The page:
5 Reasons Your Toyota Prius Is Getting Awful Fuel Mileage
So, your Toyota Prius has lost 5 miles per gallon, and now you are wondering what to do about it? Well, never fear you are not the only one who has dropped some serious mpg.
This article will discuss what can cause a drop in miles per gallon and what you can do about restoring it.
Hey, Did You Check The Weather?
Believe it or not, the number one reason Prius owners see a decrease in fuel economy is inclement weather. That means extreme hot or extreme cold (like we are seeing now) plays a massive role in your Prius's efficiency.
In cold situations, plaguing so many owners right now, the gas engine has to run to make the heater work. If you are running the gas engine, you are using gas.
You could bundle up, drop the thermostat down to 70 and go about your business, but chances are you may only gain 1 to 2 mpg. My honest opinion is that you just need to tough it out for a month. Once the sky turns blue again, and all the ice is gone, your car should bounce right back.
Those Round Things Are Called Tires
Tire pressure, the silent mpg killer. Check your pressure every month. I do not care if the light is off or not. If you care about fuel economy you will check your pressure.
The recommended pressure found inside the driver door jam is a starting point. That 32 psi is a decent balance between ride quality and fuel economy.
If you want to boost your econ, take your psi up a bit. The extra pressure will allow for less drag on the road resulting in a better economy. I do not recommend higher pressure in the winter though, you need all the grip you can get. A suitable set of snow tires is the best bet for winter.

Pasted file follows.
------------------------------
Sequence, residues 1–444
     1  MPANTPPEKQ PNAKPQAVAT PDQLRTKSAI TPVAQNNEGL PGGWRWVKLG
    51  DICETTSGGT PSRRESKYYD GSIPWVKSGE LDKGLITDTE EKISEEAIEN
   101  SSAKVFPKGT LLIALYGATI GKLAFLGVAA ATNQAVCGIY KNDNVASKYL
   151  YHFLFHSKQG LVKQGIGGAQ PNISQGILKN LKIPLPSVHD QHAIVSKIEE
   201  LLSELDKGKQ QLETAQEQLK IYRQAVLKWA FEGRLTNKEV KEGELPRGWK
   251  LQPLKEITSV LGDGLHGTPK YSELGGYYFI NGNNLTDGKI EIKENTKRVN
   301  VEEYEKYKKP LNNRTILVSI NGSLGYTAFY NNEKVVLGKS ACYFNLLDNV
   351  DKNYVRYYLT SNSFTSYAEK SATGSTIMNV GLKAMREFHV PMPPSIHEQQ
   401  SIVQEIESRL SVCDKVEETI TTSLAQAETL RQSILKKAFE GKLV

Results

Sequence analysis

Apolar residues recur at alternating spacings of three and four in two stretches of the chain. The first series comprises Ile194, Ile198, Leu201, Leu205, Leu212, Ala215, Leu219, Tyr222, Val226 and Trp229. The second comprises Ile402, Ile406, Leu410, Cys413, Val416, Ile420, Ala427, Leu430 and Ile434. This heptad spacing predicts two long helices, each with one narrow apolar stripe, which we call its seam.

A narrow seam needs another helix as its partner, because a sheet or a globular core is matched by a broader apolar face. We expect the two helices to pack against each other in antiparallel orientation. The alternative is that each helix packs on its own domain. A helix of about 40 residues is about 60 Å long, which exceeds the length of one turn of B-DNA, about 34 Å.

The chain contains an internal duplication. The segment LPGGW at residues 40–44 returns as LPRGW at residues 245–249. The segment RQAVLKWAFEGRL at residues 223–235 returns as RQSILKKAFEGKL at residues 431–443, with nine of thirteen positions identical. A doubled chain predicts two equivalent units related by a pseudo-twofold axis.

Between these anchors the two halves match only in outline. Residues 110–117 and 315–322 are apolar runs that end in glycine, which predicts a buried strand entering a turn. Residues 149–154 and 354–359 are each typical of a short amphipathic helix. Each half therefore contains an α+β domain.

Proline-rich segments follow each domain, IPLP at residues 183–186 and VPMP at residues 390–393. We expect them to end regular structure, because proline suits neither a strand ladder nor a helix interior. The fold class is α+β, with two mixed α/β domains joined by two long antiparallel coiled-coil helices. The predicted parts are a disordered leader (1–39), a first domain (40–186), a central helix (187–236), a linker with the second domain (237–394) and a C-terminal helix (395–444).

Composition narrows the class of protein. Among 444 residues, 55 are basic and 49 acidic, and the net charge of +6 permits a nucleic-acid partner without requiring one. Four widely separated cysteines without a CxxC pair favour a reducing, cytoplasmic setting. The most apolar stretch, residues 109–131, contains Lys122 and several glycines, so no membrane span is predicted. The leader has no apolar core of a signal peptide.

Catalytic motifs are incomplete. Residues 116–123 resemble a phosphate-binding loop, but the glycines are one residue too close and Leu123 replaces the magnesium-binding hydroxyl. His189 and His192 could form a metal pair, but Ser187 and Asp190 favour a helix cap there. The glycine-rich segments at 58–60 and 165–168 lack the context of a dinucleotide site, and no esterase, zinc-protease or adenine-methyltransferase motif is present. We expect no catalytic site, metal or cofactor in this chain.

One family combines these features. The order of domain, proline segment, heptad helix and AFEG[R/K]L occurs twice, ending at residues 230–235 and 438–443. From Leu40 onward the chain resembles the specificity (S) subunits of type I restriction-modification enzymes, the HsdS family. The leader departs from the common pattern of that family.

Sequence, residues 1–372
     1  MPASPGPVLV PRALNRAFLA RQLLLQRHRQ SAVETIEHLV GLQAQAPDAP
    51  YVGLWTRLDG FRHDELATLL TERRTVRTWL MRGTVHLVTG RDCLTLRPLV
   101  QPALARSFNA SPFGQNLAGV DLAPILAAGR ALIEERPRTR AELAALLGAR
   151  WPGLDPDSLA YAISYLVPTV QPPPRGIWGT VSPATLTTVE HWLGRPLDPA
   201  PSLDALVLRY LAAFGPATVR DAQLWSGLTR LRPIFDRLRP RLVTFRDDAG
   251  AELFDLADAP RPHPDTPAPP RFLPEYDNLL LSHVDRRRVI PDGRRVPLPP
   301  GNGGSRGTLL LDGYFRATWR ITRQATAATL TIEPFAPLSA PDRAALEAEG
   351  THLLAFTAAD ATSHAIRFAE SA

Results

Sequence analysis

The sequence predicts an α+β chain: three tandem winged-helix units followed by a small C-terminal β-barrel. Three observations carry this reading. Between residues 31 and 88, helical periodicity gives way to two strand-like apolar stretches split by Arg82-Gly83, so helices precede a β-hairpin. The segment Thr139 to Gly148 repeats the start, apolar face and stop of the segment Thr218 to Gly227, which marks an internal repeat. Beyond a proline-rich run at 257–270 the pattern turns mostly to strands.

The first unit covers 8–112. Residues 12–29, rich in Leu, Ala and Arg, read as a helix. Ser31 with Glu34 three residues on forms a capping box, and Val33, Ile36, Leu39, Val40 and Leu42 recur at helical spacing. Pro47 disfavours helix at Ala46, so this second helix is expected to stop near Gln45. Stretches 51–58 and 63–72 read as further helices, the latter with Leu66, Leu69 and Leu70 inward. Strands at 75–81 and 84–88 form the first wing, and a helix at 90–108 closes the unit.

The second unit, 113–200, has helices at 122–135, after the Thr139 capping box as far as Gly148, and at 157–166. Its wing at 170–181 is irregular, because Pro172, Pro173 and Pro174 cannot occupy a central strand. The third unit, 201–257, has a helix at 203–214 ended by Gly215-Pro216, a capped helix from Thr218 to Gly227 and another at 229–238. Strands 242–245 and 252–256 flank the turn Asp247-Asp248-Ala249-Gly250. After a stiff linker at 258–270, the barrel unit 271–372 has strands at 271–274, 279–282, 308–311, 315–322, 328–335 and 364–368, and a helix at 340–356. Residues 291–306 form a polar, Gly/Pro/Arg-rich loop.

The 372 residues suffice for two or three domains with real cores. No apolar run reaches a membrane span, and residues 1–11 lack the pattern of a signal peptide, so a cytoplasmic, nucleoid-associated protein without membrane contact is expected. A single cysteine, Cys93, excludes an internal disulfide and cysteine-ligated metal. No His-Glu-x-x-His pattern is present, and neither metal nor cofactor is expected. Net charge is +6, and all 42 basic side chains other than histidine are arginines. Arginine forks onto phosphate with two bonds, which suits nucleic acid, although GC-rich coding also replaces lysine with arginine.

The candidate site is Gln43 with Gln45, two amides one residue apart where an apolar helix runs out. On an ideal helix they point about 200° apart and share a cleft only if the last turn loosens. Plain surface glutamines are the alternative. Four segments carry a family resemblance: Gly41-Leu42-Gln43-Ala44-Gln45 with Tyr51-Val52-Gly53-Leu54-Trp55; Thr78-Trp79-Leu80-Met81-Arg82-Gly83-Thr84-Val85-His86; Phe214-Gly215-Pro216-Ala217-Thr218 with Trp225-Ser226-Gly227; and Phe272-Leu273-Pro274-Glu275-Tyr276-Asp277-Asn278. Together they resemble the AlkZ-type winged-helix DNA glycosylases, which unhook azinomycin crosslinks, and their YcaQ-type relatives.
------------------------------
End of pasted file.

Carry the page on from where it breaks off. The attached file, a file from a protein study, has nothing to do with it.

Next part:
Hey, That Is A Cool Battery
Your aging hybrid battery could be costing your Prius to have a lower econ. A failing or bad battery does not allow for adequate gasoline engine off time. This action results in more extended periods of engine run time and lowers fuel economy.
A smart Prius driver knows that periodic reconditioning will help mitigate this issue. Once or twice a year, give your hybrid battery some love. It will treat you right for longer than you would expect. To learn more about battery reconditioning, check this article out here.
Do You Remember When?
Ever been so busy in life that you completely forgot to take care of your car? I have. The washing, oil changes, tire rotations, and everything in between are all part of fuel economy.
When we forget to service our Prius, this can lead to components breaking down and causing the car to drive poorly. Typically, a vehicle that does not operate well will also be one that drinks more fuel.
Part of keeping clean also means a clean fuel system. Injectors, air filters, and spark plugs all need to be taken care of. Keep that Prius humming with regular maintenance. You will be glad you did when you get 45 mpg or better.
Pay No Mind To That Light On Your Dash
Trouble codes are more than just a little annoying light on your dash. They mean there is a system fault. When the car is not operating correctly, how do you expect it to get good mileage?
While some trouble codes are far more severe than others, keeping the light off means your car can learn values to help it sip fuel rather than gulp it. If you ever get a check engine light, be sure to have it checked out as soon as possible and get the proper repair done. Your gas tank will thank you.
That is all for this one, folks. If you have any questions, you know where to find me. Have questions about whether to install an oil catch can or not on your Prius? Take a look here to read about it.
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Peter Neilson is an automotive consultant specializing in electric cars and hybrid battery technologies. He holds a Bachelor of Science in Automotive Service Technology from Weber State University. Peter can be reached on Linkedin and you can tweet him at The_hybrid_guy on Twitter. Find his page on Facebook at Certified Auto Consulting. Read more of Peter's stories at Toyota news coverage on Torque News. Search Toyota Prius Torque News for more in depth Prius coverage from our reporters.